Sprotte: We also put a great deal of effort into presenting the product as completely and accurately as possible, so that people know exactly what they’re getting. Many people are also wary of scams and don’t know what will happen in case of dispute, in particular with foreigners against whom they really have no legal recourse. That is why we serve as a trusted third party, to manage the uncomfortable monetary, legal, and insurance issues. Unlike HomeAway, we also decided to focus our business on the entire process of insuring a superb vacation experience. Not only do we assist owners in preparing their homes, we are also there to serve travelers during their stay. This is important because in many cases, owners cannot be present when their guests arrive and depart. Our customer satisfaction is based just as much on the quality of our welcome services as it is on the great value offered by the homes we list. Incidentally, even HomeAway customers (owners) make use of our welcome services!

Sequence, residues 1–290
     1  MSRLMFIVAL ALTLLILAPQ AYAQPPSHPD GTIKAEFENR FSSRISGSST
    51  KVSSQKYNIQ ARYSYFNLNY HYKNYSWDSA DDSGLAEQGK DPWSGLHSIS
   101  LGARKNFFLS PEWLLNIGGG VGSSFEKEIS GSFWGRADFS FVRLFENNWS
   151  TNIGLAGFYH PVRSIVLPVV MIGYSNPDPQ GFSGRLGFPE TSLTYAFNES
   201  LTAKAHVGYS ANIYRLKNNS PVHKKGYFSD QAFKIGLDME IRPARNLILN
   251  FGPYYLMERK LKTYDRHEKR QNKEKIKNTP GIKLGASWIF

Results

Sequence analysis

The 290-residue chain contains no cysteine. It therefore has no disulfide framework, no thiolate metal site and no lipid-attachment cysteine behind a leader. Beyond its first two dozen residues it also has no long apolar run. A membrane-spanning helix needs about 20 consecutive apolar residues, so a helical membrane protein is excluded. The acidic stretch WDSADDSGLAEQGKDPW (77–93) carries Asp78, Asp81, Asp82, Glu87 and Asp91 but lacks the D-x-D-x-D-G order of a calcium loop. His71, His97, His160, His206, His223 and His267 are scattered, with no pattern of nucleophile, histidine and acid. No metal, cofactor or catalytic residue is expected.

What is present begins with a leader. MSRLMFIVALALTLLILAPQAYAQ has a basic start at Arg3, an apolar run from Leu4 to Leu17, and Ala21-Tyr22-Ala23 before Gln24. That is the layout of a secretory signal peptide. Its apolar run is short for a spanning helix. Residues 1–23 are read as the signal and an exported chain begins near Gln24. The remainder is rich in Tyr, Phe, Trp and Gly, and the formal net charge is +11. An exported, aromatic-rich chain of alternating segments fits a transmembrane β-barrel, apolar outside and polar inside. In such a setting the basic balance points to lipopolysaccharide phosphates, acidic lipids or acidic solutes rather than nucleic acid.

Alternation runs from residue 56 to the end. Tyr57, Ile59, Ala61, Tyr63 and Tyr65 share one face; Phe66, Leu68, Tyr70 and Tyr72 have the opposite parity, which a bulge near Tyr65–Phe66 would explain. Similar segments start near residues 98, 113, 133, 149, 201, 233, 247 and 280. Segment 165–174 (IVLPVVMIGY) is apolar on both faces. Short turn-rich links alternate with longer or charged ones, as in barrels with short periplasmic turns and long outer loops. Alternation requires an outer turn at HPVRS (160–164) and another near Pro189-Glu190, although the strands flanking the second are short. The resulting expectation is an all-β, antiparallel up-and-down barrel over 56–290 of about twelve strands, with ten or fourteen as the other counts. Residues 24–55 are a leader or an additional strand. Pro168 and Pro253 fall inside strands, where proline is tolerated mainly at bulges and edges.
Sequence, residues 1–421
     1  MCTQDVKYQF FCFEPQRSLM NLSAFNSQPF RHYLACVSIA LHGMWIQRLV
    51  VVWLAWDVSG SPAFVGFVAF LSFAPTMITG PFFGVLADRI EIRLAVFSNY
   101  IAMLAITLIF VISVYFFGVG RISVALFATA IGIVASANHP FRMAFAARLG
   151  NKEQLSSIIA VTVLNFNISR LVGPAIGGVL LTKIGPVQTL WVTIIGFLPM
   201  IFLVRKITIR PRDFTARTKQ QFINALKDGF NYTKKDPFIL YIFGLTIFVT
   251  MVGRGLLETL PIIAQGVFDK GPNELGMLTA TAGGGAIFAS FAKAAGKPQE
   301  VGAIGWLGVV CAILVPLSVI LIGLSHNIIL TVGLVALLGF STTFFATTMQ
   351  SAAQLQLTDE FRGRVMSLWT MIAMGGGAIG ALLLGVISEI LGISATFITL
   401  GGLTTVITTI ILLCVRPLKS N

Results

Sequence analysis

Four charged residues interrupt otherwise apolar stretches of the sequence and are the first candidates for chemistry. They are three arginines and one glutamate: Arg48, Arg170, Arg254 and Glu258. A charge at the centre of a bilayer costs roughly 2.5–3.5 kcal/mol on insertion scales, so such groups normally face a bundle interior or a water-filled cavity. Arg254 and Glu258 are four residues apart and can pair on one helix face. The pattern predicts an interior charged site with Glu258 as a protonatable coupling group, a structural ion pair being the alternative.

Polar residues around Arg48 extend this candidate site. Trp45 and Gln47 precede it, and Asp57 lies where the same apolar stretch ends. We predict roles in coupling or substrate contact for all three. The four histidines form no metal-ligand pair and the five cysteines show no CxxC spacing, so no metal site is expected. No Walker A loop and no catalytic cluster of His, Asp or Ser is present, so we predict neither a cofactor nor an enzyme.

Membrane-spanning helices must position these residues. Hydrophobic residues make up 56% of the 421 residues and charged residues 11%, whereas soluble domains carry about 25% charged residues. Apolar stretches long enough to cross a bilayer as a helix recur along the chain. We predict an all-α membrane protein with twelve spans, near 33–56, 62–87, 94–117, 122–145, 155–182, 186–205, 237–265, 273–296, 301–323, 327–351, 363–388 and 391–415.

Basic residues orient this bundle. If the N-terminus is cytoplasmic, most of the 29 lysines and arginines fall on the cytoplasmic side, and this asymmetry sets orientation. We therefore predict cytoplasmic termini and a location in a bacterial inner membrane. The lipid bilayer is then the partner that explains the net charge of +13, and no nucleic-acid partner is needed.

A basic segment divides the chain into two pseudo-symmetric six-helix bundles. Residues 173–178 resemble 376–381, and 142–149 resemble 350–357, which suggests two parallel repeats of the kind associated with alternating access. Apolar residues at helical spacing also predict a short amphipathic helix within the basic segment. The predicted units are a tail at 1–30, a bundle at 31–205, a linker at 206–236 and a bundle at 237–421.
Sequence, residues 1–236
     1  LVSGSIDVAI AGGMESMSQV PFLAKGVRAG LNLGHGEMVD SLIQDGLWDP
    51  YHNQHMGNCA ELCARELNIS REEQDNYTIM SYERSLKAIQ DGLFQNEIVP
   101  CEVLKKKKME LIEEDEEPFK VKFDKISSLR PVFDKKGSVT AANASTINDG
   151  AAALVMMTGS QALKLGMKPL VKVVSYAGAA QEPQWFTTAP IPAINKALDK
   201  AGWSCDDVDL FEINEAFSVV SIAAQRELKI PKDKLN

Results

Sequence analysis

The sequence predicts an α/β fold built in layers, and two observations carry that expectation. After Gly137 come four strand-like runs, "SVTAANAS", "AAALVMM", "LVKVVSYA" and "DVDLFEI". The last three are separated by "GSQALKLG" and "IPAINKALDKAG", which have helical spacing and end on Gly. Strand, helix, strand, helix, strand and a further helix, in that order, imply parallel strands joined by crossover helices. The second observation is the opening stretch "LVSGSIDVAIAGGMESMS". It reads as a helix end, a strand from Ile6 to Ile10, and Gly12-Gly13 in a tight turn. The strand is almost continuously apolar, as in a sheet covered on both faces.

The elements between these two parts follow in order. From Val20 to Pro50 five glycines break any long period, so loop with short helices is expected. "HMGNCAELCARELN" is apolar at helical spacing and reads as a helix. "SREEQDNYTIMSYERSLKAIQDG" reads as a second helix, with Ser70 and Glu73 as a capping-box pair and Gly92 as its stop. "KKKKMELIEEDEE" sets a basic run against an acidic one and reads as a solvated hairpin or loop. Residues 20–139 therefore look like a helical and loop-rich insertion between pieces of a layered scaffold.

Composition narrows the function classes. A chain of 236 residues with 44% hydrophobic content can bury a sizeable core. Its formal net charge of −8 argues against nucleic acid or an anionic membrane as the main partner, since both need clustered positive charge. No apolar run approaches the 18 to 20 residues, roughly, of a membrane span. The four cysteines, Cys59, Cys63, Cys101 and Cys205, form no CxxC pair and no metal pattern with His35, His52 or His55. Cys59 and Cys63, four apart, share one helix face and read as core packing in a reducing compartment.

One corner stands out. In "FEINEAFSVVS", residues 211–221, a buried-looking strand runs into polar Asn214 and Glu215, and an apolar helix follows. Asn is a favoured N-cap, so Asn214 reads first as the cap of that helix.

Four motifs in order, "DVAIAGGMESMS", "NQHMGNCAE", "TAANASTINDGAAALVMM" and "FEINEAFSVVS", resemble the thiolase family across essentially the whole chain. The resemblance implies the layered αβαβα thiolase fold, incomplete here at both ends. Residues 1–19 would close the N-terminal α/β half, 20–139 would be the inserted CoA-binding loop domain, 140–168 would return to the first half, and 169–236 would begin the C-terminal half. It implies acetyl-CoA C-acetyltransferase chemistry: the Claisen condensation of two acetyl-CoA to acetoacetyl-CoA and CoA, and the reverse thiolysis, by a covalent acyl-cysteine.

About the companies featured in this article
HomeAway Inc, based in Austin, Texas, was founded in 2005 and has increased its revenues by 35 to 40% each year since. Financed by $400 million in private equity, it recently annoucned its first IPO for $230 million.
Planet Sharing SAS, based in Paris, was founded in 2010 and is currently open to private equity to accelerate growth. Contact email@example.com
Comments from CEO Brian Sharples were compiled from the following sources:
Paris behind the screen
Dear Paris fans,
As savvy travelers, you dare to stray from the beaten path. That’s why we’d like to invite you to experience Paris as never before…as if you lived there!
Starting this summer, you can travel to Paris and enjoy a vacation rental, B&B, or home exchange with a local host you can trust.